Geoscience Australia put together this site on tsunamis with an especially nice image gallery
California Tsunami Lesson Plans (6-12)
http://www.conservation.ca.gov/cgs/geologic_hazards/Tsunami/Pages/student_activity.aspx
The State if California department of Conservation put together these teacher resources on tsunamis. The lesson plans have been created to provide an interactive activity with online California tsunami hazard maps. The lessons are targeted for use at 6th grade or higher grade level. These two activities provide students with real world applications using science based maps. The following California Earth Science Content Standards are reinforced in these lessons:

Attachments

Tsunami.docx (0.02 Mb)

Pamela Auburn Pamela Auburn 68625 Points

Please not the hyperlinks are active in my previous attachment

Alyce Dalzell Alyce Dalzell 64075 Points

Laura, Welcome to our NSTA Discussion Forum and congratulations on your teaching position. I think that as you have time to visit the different threads you will find a wealth of support and resources! Please feel free to ask/post your questions and comments. If you become frustrated, find yourself in a time crunch, or not able to locate a specific resource, click on the yellow window that says, 'Live Support Online'. A real educator/scientist will help you navigate through the Learning Center to locate any type of resource you may be searching for. The online support can be a life saver!

Pam, I especially like the simulations on the Government of Australia's site, I will use that tomorrow morning in class.

BioEd, Baylor College of Medicine, has dozens of links to outside sources that include satellite pictures, simulations, journal articles.

Also, Teacher's Domain is an excellent FREE source for video segments (many PBS, NOVA), lesson plans, simulations, images, interactions and content knowledge. You will need to register to use this 5 Star site that is constantly being upgrade for K-12 educators.

Thank you for sharing your experiences and resources! Alyce

Pamela Auburn Pamela Auburn 68625 Points

I have expanded my list a bit further and have found a few sites providing information appropriate for elementary grades. I am not going to attempt to cut and paste it here as the links did not work before and only created an unsightly mess. The world doc, provided as an attachment functions well and the hyperlinks work!

Attachments

Tsunami.docx (0.02 Mb)

Lara Smetana Lara Smetana 6260 Points

Thanks, Pam, for a such an extensive list of resources!

I will also share the PBS Mountain Maker, Earth Shaker activity and related resources. Visualizations such as these can help students make sense of the abstract concepts. This would also be an opportune time to tie in some nature of science discussion. A history of science lesson on continental drift theory and the opposition that Alfred Wegener faced about 100 years ago illustrates that science is influenced by society and its values. The PBS site has some information here to assist.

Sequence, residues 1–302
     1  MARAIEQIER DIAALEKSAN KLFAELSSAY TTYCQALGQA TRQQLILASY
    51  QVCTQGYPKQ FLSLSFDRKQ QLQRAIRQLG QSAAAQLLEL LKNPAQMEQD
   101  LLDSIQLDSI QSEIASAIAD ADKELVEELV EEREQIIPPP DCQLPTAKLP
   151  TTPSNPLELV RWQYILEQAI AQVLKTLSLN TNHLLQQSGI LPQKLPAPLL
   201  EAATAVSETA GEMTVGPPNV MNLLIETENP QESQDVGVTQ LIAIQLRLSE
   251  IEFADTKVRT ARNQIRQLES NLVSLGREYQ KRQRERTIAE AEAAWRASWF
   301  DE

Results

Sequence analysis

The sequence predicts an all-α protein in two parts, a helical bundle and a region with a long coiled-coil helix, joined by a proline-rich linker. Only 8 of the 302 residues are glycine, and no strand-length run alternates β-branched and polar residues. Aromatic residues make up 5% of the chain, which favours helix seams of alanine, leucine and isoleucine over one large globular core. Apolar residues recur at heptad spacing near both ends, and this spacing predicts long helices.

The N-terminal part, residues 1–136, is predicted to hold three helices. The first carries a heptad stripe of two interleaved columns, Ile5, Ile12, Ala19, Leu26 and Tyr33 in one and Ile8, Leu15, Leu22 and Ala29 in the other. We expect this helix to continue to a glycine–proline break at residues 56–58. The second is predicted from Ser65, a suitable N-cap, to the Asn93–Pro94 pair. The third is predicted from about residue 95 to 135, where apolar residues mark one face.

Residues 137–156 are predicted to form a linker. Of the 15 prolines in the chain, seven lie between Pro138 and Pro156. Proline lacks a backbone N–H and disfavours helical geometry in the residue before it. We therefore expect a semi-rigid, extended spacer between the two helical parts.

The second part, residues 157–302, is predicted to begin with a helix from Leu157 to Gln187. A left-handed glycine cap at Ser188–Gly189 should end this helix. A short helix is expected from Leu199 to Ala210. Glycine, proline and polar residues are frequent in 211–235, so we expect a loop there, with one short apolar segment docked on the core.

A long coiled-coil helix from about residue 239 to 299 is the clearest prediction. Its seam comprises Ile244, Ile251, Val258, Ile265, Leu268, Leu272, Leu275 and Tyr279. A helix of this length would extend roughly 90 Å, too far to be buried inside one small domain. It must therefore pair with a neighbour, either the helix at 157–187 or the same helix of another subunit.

ExploreLearning has a vast collection of computer simulations, with a couple that address concepts relevant to discussions about earthquakes and tsunamis. While it is a subscription site, free trials are available.

Carolyn Mohr Carolyn Mohr 92246 Points

It is difficult and heartbreaking to watch the devastating video clips showing the incredible earthquake and tsunami forces wreaking havoc. It is mindboggling to see how quickly a tsunami can extend out to reach from Japan to northern California and the Pacific North American coastline. Two articles, both from the March 2007 Science Scope journal, might be of use in the classroom, as our students come back to the classrooms with their questions about how this happened.
Waves and Tsunami Project
Science Sampler: Connecte2d Teaching-A Comprehensive Resource for Teaching Science
Both of these articles were mentioned above in others' posts, but I thought they were worth highlighting. Laura, I think they might be of help to you.
Carolyn

Carolyn Mohr Carolyn Mohr 92246 Points

The NSTA WebNews Digest has posted some resources for this 'Teachable Moment on the Japan Earthquake and Tsunami'.
There are several websites, classroom activities, and NSTA Resources identified for classroom use. Thank you NSTA!

Dorian Janney Dorian Janney 10485 Points

Greetings folks- This is a very helpful and timely forum. Thanks to everyone for sharing. My heartfelt sympathies go out to the Japanese people as well, and my students share this sentiment. We have been closely following this tragedy- the earthquake, tsunami, and now the nuclear plant problems as well. The resources that have been listed here are fantastic, and help us use real world events to engage our students and show them the relevance of science to their daily lives. It also helps us to show them that the science community is international and works closely together to solve the problems that we face as a world community. I am also using the New York Times and the Washington Post websites to help communicate the current situation and learn more about nuclear energy.

Carolyn Mohr Carolyn Mohr 92246 Points

Steve W. brought a University of California/Davis Geology Dept webpage to my attention at a different discussion thread. If you scroll down to announcements, you will see a link to the KeckCAVES and the new 3D earthquake imagery technology that originated at this university. They are able to show the past and present earthquake activity from above, on, and below Japan. The technology is very cool! There is also a link to a YouTube video, of this month's Japan quake activity.